Shifting views of major local stakeholders in the implementation of the MyCiTi bus services in Cape Town (2008-2014)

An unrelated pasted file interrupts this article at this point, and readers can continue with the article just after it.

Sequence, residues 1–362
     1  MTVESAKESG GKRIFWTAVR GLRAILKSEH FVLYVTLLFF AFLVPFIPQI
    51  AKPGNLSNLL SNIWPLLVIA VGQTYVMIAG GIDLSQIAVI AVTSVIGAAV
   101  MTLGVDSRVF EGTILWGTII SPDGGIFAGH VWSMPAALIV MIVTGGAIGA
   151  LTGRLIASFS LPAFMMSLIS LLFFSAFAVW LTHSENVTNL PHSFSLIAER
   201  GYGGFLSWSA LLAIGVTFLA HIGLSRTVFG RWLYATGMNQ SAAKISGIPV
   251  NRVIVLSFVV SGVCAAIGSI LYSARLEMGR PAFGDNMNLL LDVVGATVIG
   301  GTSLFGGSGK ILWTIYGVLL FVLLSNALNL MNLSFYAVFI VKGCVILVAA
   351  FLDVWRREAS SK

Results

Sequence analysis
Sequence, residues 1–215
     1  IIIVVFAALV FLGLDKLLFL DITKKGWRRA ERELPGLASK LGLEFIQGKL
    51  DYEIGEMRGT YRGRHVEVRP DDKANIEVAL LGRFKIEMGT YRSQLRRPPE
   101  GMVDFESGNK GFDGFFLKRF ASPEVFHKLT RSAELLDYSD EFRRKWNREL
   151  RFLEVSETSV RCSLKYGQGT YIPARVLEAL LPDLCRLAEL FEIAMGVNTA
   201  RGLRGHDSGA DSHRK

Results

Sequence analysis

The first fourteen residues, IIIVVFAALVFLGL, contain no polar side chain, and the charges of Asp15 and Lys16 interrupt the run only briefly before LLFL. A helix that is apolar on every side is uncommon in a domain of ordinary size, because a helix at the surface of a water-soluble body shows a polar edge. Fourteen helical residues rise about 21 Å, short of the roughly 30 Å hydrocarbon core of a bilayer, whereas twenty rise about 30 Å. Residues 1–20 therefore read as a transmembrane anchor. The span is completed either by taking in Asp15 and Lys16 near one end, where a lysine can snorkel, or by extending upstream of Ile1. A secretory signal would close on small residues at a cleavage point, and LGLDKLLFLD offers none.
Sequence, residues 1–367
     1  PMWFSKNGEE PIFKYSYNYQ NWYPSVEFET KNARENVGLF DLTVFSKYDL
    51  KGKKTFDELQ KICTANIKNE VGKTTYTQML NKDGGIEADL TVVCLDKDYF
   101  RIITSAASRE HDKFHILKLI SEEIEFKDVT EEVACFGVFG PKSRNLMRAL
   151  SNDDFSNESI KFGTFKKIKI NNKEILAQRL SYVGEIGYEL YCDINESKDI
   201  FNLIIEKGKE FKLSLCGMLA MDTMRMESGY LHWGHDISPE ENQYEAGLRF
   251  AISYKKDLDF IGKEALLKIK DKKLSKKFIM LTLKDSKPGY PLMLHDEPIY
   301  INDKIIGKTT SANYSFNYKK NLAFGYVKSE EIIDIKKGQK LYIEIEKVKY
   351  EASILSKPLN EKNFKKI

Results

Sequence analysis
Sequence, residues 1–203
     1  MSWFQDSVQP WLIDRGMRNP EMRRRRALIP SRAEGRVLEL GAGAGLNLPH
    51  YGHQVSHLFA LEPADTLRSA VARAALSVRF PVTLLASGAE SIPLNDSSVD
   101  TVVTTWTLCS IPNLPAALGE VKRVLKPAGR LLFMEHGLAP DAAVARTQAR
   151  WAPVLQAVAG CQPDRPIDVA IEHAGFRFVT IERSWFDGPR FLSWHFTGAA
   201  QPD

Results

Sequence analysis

Cape Town’s MyCiTi Bus Rapid Transit (BRT) service is part of an ambitious plan to integrate various modes of transport and “place at least 75% of Cape Town’s population within 500 meter of the system”. MyCiTi would replace the ubiquitous mini-taxis on most major routes. The scheduled public bus service began in the city in 2010, and has since expanded considerably through the phased roll-out of several new routes, the most recent being one that reaches the Cape Flats. Yet in the early stages, there was considerable opposition from various stakeholders and some of that still continues. This research looks at how key stakeholders shifted their views over the period 2008-2015. Three stakeholder groups and their interactive dynamics in the context of ongoing uncertainty about the system are explored in this mini-thesis. The findings show that despite much pre-planning, the MyCiTi project has been negotiated and re-negotiated as the City embarked on a voyage into uncharted territory. The transformation of sections of the taxi industry from the informal sector to the formal sector has been presented as a big challenge but has also been seen as its biggest phase one success so far. Yet, in 2015, the city blamed at least half of its revenue shortfall on having to compete with the minibus taxi industry, which it failed to “contain” as planned. The mini-thesis shows that mega-public-private projects are messy at best and that without effective monitoring, public support and consultation the best laid plans and policies can fail. More research is needed into the complexities of public private partnerships and the City needs to take such knowledge into the next phases.